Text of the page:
It is generally believed, and perhaps not without diffidence, that the eighteenth century India offers a poor foil to the spectacular artistic achievements of the centuries immediately preceding it.
It is generally believed, and perhaps not without diffidence, that the eighteenth century India offers a poor foil to the spectacular artistic achievements of the centuries immediately preceding it. But the actual contribution of the age to the content of art by any measure is not small and is far from being lack-lustre or inconsequential. The documentation of materials that put on record the creative and artistic sensibilities of the period is, however, at an initial stage. The illustrated manuscript of the Ramacaritamanasa executed between 1772-75, now in the collection of the Asutosh Museum of Indian Art, assumes an important historical bearing against this perspective. The excellent text, itself an outstanding literary production of the sixteenth century, is embellished with as many as 153 (or more ?) illustrations. Rāni Jānaki of the Mahisadal Raj Estate who provided the necessary support for the consummation of the task of copying and illustrating the voluminous text, was one among many of the landed aristocracy similarly upholding the creative ardour of their own time. The paintings may not permit a comparison in richness of colour, precision of details and varied repertoire of motifs, with the courtly painting tradition of the Mughal era, which in any case was on the wane in the eighteenth century. Nevertheless, these are not lacking in vigour but positively maintain a high standard of originality, vividness and efficiency in execution, thus affording illuminating evidence in regard to the trends and tendencies of the contemporary art movement.
The “Catalogue of Paintings of the Asutosh Museum Ms. of the Rāmacaritámānasa” is the first in the series of comprehensive catalogues on the collections of this Museum which are intended to be published in a systematic order with the financial assistance made available by the Department of Education, Government of India. In this connection, I am beholden to Dr. (Mrs.) Kapila Vatsyayana, Joint Educational Adviser, Department of Culture, Government of India, who has always evinced a keen interest in the progress of the work.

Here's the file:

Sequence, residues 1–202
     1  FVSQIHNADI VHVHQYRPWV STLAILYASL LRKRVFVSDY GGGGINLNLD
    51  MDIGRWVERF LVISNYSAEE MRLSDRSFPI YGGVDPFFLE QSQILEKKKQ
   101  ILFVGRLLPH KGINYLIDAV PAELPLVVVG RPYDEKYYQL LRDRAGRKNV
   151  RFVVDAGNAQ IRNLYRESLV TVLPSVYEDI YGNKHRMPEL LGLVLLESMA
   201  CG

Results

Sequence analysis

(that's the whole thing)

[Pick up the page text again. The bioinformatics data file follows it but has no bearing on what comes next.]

A few words may be added in respect of the arrangement of plates in the Catalogue. For the sake of convenience of the publication, all the multi-colour reproductions have been brought together and arranged on one side. This has caused some disturbance to the original sequence of illustrations in the manuscript. The consequent confusion may be overcome in the following manner : Pl. II is to be read with Pl. XIXa &c. ; Pl. III with Pl. XXa &c. ; Pl. VI with Pl. XXVa &c. ; Pl. VIIb with Pl. XXVIIIb ; Pl. VIIIa with Pl. XXXIIIb &c. ;
Pl. VIIIb with Pl. XXXIVa &c. ; Pl. XI with Pl. XXXIXb &c. ; Pl. XII with Pl. XLIVa &c.; Pl. XIVa with Pl. XLIXb &c.; Pl. XIVb with Pl. La &c.; P1. XV with P1. LIIIb &c. ; Pl. XVIa with Pl. LXIIa &c. ; Pl. XVIb with Pl. LXVb &c. ; Pl. XVII with Pl. LXXIIIb &c. ; Pl. XVIIIb with P1. LXXXII &c.